to sir John Fascot * grand-master of the duke's household, and with him were, the provost of Paris, named Simon Morbier, the bastard de Thiam knight, bailiff of Senlis, the provost of Melun, and several other officers from the Isle de France and that neighbourhood, accompanied by sixteen hundred combatants and a thousand common men. This armament left Paris on Ash-Wednesday, under the command of sir John Fastolfe, who conducted the convoy and his forces in good order by short marches, until he came near the village of Rouvroy in Beauce, situated between Genville and Orleans. Many French captains, having long before heard of his coming, were there assembled to wait his arrival, namely, Charles duke of Bourbon, the two marshals of France, the constable of Scotland and his son, the lords de la Tourt, de Chauvigny, de Graville, sir William d'Albreth, the viscount de Thouars, the bastard d'Orleans, sir James de Chabannesi, the lord de la Fayette, Poton de Saintrailles, Estienne de Vignolles, surnamed La Hire, sir Theolde de Valperghe, and others of the nobility, having with them from three to four thousand men. The English had been informed of this force being assembled from different garrisons which they had in those parts, and lost no time in forming a square with their carts and carriages, leaving but two openings, in which square they enclosed themselves, posting their archers as guards to these entrances, and the men at arms hard by to support them. On the strongest side of this enclosure were the merchants, pages, carters, and those incapable of defending themselves, with all their horses. The English thus situated, waited two hours for the coming of the enemy, who at length arrived with much noise, and drew up out of bowshot in front of the enclosure. It seemed to them, that considering their superior numbers, the state of the convoy, and that there were not more than six hundred real Englishmen, the rest being composed of all nations, they could not escape falling into their hands, and must be speedily conquered. Others, however, had their fears of the contrary happening, for the French captains did not well agree together as to their mode of fighting, for the Scots would combat on foot, and the others on horseback. The lord Charles de Bourbon was there knighted by the lord de la Fayette, with some others. In the mean time, the constable of Scotland, his son and all their men, dismounted and advanced to attack their adversaries, by whom they were received with great courage. The English archers, under shelter of the carriages, shot so well and stiffly that all on horseback within their reach were glad to retreat with their men-at-arms. The constable of Scotland and his men attacked one of the entrances of the enclosure, but they were soon slain on the spot. Among the killed were, sir John Stuart, his son, sir William d'Albreth lord d'Orval, the lord de Châteaubrun, the lord de Mont Pipels, sir John Larigot, the lord de Verduisant, the lord de Divray, the lord de la Greve|, sir Anthony de Puilly and others, to the amount of six score gentlemen and five hundred common men, the greater part of whom were Scotsmen. The other French captains retreated with their men to the places whence they had come. The English, on their departure, refreshed themselves, and then marched away in haste for their town of Rouvroy, where they halted for the night. On the morrow they departed in handsome array, with their convoy and artillery, armed with every accoutrement becoming warriors, and in a few days arrived before Orleans, very much rejoiced at their good fortune in the late attack from the French, and at having so successfully brought provision to their countrymen. This battle was ever afterward called the Battle of Herrings, because great part of the convoy consisted of herrings and other articles of food suitable to Lent. King Charles, on hearing the event, was sick at heart, seeing that the state of his affairs was becoming worse and worse. This battle of Rouvroy was fought on the night of the first Sunday in Lent, about three hours after midnight. The English lost only one man of note, called Bresanteau, nephew to sir Simon Morbier, provost of Paris. On the part of the English were that day made knights, Galloy d'Aunoy, lord d'Orville, the great Raoulin, and Louis de Luxu, a Savoyard. The army of the English might have consisted of about seventeen hundred combatants of tried courage, without including common men; and the French, as I have said, were from three to four thousand at least. The lord de Chateaubrun and some others were knighted at the same time with Charles de Bourbon. Only one prisoner was made that day, and he was a Scotsman.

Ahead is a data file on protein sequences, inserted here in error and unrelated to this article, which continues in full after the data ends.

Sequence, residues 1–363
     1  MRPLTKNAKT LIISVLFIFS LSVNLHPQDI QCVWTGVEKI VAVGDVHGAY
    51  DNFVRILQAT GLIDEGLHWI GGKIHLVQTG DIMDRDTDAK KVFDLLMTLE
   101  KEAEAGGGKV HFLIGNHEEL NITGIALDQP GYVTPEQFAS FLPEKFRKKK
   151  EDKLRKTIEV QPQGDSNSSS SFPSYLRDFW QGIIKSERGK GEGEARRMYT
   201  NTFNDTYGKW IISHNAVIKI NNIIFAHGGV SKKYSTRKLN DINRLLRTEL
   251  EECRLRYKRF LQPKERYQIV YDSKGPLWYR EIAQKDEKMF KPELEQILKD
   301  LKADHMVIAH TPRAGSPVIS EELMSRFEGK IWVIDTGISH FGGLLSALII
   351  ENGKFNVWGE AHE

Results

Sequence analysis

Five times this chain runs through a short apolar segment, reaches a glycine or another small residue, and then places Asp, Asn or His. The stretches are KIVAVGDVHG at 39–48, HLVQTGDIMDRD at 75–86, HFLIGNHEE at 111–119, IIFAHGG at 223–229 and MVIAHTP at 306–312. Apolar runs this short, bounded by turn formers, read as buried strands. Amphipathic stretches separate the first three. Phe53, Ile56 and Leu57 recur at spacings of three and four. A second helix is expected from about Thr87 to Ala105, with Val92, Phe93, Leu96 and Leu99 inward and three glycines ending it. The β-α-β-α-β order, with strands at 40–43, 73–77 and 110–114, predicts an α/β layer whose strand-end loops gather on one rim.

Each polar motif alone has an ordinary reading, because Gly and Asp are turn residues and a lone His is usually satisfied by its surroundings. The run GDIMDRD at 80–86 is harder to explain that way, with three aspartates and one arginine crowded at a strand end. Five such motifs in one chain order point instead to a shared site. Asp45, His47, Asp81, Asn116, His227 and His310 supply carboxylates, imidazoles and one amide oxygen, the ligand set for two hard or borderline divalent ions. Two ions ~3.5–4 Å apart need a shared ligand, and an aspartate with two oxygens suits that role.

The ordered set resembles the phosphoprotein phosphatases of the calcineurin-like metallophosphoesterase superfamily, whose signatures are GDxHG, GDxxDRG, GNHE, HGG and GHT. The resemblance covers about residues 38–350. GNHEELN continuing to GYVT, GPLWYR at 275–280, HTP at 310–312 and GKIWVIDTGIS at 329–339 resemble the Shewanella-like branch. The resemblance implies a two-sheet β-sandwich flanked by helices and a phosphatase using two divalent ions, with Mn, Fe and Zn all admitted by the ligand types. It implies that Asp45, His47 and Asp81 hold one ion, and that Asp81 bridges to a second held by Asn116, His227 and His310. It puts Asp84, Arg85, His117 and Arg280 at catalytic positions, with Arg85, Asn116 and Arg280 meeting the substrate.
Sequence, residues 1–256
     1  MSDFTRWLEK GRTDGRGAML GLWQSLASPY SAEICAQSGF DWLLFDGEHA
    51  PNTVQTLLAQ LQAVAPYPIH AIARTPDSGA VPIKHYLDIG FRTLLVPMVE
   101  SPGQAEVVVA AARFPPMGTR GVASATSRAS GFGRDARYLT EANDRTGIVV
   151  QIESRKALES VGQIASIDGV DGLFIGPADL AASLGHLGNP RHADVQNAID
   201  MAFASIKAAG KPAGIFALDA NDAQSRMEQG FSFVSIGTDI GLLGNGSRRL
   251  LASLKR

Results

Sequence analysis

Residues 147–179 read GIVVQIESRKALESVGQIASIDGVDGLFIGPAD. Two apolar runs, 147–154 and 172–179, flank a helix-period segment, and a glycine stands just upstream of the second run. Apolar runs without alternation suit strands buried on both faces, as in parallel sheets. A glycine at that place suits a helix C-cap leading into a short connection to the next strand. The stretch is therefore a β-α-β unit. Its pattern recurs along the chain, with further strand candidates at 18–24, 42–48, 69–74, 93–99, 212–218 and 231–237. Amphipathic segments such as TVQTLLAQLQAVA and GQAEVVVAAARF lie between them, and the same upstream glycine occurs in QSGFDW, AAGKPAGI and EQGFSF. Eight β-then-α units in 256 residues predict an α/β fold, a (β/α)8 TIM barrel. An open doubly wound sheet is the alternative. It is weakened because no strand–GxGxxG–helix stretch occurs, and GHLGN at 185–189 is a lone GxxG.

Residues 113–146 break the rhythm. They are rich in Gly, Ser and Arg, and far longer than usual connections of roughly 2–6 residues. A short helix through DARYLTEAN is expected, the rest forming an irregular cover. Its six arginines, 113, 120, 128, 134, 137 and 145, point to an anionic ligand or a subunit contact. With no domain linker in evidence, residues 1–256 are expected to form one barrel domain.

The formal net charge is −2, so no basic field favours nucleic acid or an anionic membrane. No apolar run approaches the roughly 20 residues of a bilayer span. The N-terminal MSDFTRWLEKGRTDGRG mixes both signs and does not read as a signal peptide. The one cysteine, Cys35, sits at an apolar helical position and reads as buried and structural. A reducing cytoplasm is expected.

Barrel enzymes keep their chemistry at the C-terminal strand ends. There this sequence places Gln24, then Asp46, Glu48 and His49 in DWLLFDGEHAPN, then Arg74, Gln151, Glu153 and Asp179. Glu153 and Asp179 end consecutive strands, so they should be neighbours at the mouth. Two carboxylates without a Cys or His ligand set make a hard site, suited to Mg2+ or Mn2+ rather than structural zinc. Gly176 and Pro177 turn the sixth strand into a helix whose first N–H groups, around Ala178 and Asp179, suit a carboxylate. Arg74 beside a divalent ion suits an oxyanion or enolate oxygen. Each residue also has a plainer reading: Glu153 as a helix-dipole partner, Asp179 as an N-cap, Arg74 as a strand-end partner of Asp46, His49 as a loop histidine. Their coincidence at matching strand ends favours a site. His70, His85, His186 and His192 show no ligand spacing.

* Q. If not sir John Fastolfe. seneschal of Toulouse, and grand-maitre of France. He